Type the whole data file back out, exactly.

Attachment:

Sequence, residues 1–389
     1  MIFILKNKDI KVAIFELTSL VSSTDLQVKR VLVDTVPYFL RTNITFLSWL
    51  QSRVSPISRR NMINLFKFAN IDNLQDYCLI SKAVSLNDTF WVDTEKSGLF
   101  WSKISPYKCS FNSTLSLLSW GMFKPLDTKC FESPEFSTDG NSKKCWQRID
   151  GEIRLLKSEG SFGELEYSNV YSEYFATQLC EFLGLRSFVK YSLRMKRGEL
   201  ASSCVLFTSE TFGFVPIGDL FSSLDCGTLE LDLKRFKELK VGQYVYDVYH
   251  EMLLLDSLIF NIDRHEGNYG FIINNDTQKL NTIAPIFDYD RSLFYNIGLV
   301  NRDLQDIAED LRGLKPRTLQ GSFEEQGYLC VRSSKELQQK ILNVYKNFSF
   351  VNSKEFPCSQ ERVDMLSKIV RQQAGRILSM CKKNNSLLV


Sequence, residues 1–389
     1  MIFILKNKDI KVAIFELTSL VSSTDLQVKR VLVDTVPYFL RTNITFLSWL
    51  QSRVSPISRR NMINLFKFAN IDNLQDYCLI SKAVSLNDTF WVDTEKSGLF
   101  WSKISPYKCS FNSTLSLLSW GMFKPLDTKC FESPEFSTDG NSKKCWQRID
   151  GEIRLLKSEG SFGELEYSNV YSEYFATQLC EFLGLRSFVK YSLRMKRGEL
   201  ASSCVLFTSE TFGFVPIGDL FSSLDCGTLE LDLKRFKELK VGQYVYDVYH
   251  EMLLLDSLIF NIDRHEGNYG FIINNDTQKL NTIAPIFDYD RSLFYNIGLV
   301  NRDLQDIAED LRGLKPRTLQ GSFEEQGYLC VRSSKELQQK ILNVYKNFSF
   351  VNSKEFPCSQ ERVDMLSKIV RQQAGRILSM CKKNNSLLV